Swiss train travel: railing against misfortune

'Pleasant journey," says the Czech carriage attendant in heavily accented English when she sees I've locked myself out of my first-class private sleeping compartment.

"It will be a lovely night in the corridor," she says.

She pushes past with a tray of food for the people next door.

I stepped onto this train only five minutes ago. Ahead of me is a 13-hour journey from the northern Swiss city of Basel, east across the width of a slumbering wintry Germany, to the Czech Republic's capital, Prague.

Nothing of comfort, including words, is on this side of the door.

My cash and cards are locked inside so I can't buy anything from the food and beverages menu. Apart from the basic breakfast my ticket entitles me to - still hours away from delivery - and some dried horsemeat hiding in my jacket pocket that I bought in Zurich thinking it was goat, I have a hungry night ahead. The novel I'm reading is also so near, yet so far. As are the complimentary magazines, which aren't in English but I'm certain the pictures are more interesting than the view I have now.

For the past three days, I've energetically explored Basel: cycled the cobbled streets of the Old Town, toured multiple cathedrals and galleries, gorged myself at pastry shops and crossed the river Rhine several times aboard a tiny unpowered ferry on a cable.

Now I'm tired and need a lie down. I want to wash my face in the little faux granite sink set into the vanity unit tucked behind cupboard doors and stare blankly into the oblong mirror lit with vertical fluorescents as I dry my weary face.

There was, I'd noticed, a choice of six white washers and towels. But now I have a choice of none.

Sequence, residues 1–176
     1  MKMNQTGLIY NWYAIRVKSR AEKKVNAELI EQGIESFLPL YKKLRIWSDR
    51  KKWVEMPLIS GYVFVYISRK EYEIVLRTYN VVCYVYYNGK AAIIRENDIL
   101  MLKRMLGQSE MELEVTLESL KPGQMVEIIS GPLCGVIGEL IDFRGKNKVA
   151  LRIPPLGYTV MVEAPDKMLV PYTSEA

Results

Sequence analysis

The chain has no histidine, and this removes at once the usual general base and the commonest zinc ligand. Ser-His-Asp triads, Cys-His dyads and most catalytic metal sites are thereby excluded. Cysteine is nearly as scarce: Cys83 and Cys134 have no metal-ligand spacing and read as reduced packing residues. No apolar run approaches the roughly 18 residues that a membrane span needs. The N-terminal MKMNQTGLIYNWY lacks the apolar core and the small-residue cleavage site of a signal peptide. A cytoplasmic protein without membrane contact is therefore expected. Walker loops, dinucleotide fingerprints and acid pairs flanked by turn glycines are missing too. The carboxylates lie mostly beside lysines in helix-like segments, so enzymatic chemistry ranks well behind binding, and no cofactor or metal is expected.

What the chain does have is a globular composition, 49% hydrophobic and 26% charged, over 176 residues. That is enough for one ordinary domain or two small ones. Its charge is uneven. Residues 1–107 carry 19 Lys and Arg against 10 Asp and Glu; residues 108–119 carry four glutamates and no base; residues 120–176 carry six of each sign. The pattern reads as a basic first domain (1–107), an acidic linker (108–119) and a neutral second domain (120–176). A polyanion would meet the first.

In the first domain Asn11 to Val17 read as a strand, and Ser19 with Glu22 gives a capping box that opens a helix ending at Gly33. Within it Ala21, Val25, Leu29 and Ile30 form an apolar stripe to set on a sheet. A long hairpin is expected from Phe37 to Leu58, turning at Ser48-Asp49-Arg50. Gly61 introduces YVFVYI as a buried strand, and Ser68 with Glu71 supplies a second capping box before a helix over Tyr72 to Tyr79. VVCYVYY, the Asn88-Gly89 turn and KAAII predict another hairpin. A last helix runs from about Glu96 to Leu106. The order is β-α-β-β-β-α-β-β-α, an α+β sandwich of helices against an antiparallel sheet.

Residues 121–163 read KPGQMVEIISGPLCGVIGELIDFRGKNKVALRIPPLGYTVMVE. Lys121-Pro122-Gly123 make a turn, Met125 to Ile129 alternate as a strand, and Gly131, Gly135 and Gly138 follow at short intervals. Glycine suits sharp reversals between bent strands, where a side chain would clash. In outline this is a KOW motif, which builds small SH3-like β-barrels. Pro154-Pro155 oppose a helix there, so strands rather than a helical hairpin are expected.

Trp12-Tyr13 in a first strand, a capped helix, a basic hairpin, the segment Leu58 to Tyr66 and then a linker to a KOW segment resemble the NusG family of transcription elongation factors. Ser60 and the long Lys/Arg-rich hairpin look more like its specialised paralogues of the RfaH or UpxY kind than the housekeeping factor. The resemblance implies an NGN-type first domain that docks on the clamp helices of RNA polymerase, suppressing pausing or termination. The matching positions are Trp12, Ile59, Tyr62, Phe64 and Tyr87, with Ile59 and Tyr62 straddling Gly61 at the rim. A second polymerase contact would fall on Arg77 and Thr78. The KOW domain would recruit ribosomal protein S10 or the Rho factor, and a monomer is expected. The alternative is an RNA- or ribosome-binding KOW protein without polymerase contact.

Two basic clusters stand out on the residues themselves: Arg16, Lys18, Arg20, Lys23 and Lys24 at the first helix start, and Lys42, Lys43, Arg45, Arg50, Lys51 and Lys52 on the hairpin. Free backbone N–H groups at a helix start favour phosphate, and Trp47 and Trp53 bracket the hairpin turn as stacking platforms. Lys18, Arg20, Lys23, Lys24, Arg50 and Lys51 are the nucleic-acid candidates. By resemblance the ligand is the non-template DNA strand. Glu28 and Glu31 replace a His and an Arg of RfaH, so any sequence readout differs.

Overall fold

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A couple more people squeeze past and I'm forced to back up against the wall like a bullied child.

I look around to see where I might spend the night. The corridor isn't quite wide enough to lie flat without being trodden on, but maybe I could curl up in the area between carriages.

Noisy, cold and without carpet, but at least I'd be out of the way.

At least I wouldn't have to look at the happy faces of train passengers with beds and vanity units and Czech magazines.

How quickly a small mistake can change a travelling experience, I reflect with bitter regret.

How constantly a traveller needs to be on their toes even in one of the biggest cities of one of the most ordered countries in the world.

I start to spiral down through my emotions, as can so easily happen on the road when it's late and you're tired and alone.

As I'm about to slide down the wall at the hopelessness of the situation, the carriage attendant reappears, having delivered the tray of food to my neighbours.

"I make a joke with you," she says, then introduces herself as Vasta and tells me she's there all night if there's anything I need.

When she uses her master key to open my door and even holds it open for me, I almost fall into the room with relief. Then I actually do fall sideways onto my bed as the train moves off from Basel SBB station with a jerk.

The writer was a guest of Switzerland Tourism.

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